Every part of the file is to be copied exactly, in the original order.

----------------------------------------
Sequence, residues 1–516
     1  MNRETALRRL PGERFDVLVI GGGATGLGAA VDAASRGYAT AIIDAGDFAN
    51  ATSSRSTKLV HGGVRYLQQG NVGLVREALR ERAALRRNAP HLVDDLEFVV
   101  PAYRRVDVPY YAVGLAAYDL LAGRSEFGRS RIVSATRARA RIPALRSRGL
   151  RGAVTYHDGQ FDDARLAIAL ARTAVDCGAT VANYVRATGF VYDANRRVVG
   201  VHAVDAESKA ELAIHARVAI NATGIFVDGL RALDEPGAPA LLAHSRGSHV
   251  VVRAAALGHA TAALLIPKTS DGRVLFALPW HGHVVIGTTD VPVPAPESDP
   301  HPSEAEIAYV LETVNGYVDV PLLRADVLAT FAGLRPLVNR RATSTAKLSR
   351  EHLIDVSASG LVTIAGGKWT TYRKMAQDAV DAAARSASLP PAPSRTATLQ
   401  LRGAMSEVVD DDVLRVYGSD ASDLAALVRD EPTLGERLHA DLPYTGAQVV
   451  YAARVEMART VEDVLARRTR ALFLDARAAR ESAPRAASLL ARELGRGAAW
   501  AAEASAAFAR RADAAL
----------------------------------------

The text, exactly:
Sequence, residues 1–516
     1  MNRETALRRL PGERFDVLVI GGGATGLGAA VDAASRGYAT AIIDAGDFAN
    51  ATSSRSTKLV HGGVRYLQQG NVGLVREALR ERAALRRNAP HLVDDLEFVV
   101  PAYRRVDVPY YAVGLAAYDL LAGRSEFGRS RIVSATRARA RIPALRSRGL
   151  RGAVTYHDGQ FDDARLAIAL ARTAVDCGAT VANYVRATGF VYDANRRVVG
   201  VHAVDAESKA ELAIHARVAI NATGIFVDGL RALDEPGAPA LLAHSRGSHV
   251  VVRAAALGHA TAALLIPKTS DGRVLFALPW HGHVVIGTTD VPVPAPESDP
   301  HPSEAEIAYV LETVNGYVDV PLLRADVLAT FAGLRPLVNR RATSTAKLSR
   351  EHLIDVSASG LVTIAGGKWT TYRKMAQDAV DAAARSASLP PAPSRTATLQ
   401  LRGAMSEVVD DDVLRVYGSD ASDLAALVRD EPTLGERLHA DLPYTGAQVV
   451  YAARVEMART VEDVLARRTR ALFLDARAAR ESAPRAASLL ARELGRGAAW
   501  AAEASAAFAR RADAAL